Schools Building Projects Status

Questions (263)

Brian Walsh

Question:

263. Deputy Brian Walsh asked the Minister for Education and Skills the position regarding an application in respect of a school (details supplied) in County Galway to have a new building included in the new schools building programme; and if he will make a statement on the matter. [24793/14]

View answer

Written answers (Question to Education)

As the Deputy will be aware, the Department's priority is to target its limited capital budget for the provision of additional school accommodation in identified areas of demographic growth.

Major school building projects, including the school referred to by the Deputy, that are not included in the current Five Year Construction Programme, will continue to be progressed subject to available funding into Architectural Planning. My Department is currently reviewing the accommodation brief for the school concerned and will be in contact with the school in this regard shortly.

Public Procurement Contracts Social Clauses

Questions (264)

Sandra McLellan

Question:

264. Deputy Sandra McLellan asked the Minister for Public Expenditure and Reform if Government policy ensures that when awarding large State contracts a percentage of contractors are employed from the local community for the duration of the project; and if he will make a statement on the matter. [24142/14]

View answer

Written answers (Question to Public)

Under EU law, public contracts above certain values must be advertised EU-wide and awarded to the most competitive tender in an open and objective process. The aim is to promote an open, competitive and non-discriminatory public procurement regime which delivers value for money. It would be a breach of the rules for a public body to favour or discriminate against particular candidates on grounds of location or nationality and there are legal remedies which may be used against any public body infringing these rules.

However, I understand that the European Commission issued guidance in 2010 that identified a range of social considerations that could be relevant for procurement including promoting employment opportunities for young unemployed or long-term unemployed and promoting compliance with core labour standards. This guidance stressed that when incorporating social considerations into the procurement process one of the key challenges is ensuring compliance with the EU Treaty Principles and the Procurement Directives. The EU procurement directives primarily envisage that social considerations may be included as contract performance conditions, provided they are not discriminatory and are included in the contract notice or in the contract documents and relate to the performance of the contract. For example, the EU Directives state that contract performance conditions may be intended to favour on-site vocational training, the employment of people experiencing particular difficulty in achieving integration, the fight against unemployment or the protection of the environment.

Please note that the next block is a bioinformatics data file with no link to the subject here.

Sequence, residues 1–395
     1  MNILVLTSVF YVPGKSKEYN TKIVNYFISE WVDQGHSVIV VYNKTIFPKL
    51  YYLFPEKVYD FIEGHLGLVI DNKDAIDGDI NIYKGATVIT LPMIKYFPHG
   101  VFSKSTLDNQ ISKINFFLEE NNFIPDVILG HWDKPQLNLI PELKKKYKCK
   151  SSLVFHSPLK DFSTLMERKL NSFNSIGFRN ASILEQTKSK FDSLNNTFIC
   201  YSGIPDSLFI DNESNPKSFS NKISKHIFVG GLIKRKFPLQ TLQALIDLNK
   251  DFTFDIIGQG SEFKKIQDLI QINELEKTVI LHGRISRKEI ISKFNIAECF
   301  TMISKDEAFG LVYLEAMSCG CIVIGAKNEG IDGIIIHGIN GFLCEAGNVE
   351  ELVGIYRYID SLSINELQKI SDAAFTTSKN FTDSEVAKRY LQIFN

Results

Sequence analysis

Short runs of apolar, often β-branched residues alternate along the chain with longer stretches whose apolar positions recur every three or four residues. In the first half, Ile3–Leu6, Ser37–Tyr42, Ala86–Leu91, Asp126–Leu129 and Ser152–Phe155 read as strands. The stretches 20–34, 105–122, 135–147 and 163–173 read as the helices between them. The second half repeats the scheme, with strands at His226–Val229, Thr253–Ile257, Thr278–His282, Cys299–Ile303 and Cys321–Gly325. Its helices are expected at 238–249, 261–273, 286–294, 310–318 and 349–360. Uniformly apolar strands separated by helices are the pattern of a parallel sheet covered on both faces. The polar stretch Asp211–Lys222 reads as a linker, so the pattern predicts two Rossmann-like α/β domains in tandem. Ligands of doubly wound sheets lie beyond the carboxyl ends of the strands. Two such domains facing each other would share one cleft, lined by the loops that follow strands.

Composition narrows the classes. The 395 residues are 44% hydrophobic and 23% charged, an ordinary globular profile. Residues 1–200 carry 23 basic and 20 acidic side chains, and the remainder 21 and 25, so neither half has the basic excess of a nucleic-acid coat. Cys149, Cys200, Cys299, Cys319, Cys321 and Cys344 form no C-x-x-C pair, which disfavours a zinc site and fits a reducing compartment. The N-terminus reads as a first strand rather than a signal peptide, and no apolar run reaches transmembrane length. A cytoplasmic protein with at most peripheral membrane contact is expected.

The issue of maximising the potential of public contracts to deliver social benefits is something that I have been examining. Therefore the use of social clauses in public procurement is limited to instances where they are targeted at factoring into the procurement process consideration of social issues such as employment opportunities, equal opportunities and social inclusion.  In order to be compatible with EU law, they must be made known to all interested parties and must not restrict participation by contractors from other Member States.

Challenges arise from the need to ensure that: value for money is not adversely affected; additional costs are not placed on domestic suppliers relative to other potential suppliers; and the targeted benefit is capable of being measured and monitored during execution of the contract.